Customer service via Twitter


Here is something you may not be aware of.  Large corporations regularly monitor the prominent social media sites (Facebook, Twitter, LinkedIn, etc.) as part of their effort to maintain a positive image.  When someone posts a message that includes the company name, someone at the corporate office is notified virtually immediately.

I have read about this before, but never had a chance to actually experience it until this past week.

I shipped a laptop to a customer in Georgia.  If you have purchased a laptop from me and you are out of state, you know that I take great care in packaging.  I use a new box.  I wrap the laptop itself in bubble wrap, then place it on a layer of styrofoam peanuts in the large box.  Then I fill the rest of the space with peanuts so everything is packed tightly, and seal up the box with packaging tape.  I shipped it through UPS and insured it for $300.

A few days later, I get a call from my customer – the packaged was damaged in transit, and the laptop screen does not work.  What a pain! Well, these things happen and that’s why I got the insurance.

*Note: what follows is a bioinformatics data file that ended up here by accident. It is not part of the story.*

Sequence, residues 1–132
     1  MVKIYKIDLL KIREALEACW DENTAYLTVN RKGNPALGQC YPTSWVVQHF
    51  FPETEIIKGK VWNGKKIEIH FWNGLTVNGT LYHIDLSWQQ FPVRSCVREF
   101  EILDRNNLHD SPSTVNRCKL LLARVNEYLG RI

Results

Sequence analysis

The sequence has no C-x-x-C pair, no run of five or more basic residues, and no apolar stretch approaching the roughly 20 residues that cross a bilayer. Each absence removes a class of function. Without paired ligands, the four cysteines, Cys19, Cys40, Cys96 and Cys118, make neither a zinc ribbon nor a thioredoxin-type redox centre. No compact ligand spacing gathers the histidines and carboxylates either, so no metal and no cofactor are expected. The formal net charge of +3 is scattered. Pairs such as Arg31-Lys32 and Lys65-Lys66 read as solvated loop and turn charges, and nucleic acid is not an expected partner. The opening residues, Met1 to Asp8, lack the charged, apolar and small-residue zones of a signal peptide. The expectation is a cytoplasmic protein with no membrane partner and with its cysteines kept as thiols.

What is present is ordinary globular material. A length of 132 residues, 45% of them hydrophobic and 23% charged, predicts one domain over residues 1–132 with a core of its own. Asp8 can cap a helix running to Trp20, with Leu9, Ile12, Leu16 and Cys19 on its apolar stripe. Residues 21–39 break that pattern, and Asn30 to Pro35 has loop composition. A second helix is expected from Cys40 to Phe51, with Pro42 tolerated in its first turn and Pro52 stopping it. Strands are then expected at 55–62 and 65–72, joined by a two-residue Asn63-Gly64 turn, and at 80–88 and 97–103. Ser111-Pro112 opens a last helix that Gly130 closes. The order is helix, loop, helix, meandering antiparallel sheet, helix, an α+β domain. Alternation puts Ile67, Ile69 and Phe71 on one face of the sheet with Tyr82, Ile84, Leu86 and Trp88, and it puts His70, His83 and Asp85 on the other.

So, I put in a claim with UPS that day.  Someone from UPS picked up the laptop and the damaged box from my customer as part of their investigation.

A few days later, I got a call from the UPS person in charge of the claim.  He said that the claim was being denied.  I was obviously surprised at this.  When I inquired why, he said that the reason given was “insufficient packaging”.  We went back and forth a bit, but there is no arguing with a large, bureaucratic organization.  There’s just nothing you can do.

Or is there?

After that phone conversation, I logged on to my Twitter account (if you use Twitter, you can follow me here).  This is what I posted:

Twitter post

Here is the fun part: within 10 minutes of my posting that, I got a call from one of the “senior” claim investigators at UPS.  She was calling to advise me that they had looked more closely at the claim, and determined that it was a valid claim after all.  So the denial was overturned and the insurance claim was approved.

Something handy to remember when you are hitting a brick wall with a large organization.  Can’t guarantee it will work every time, but it’s worth a try.

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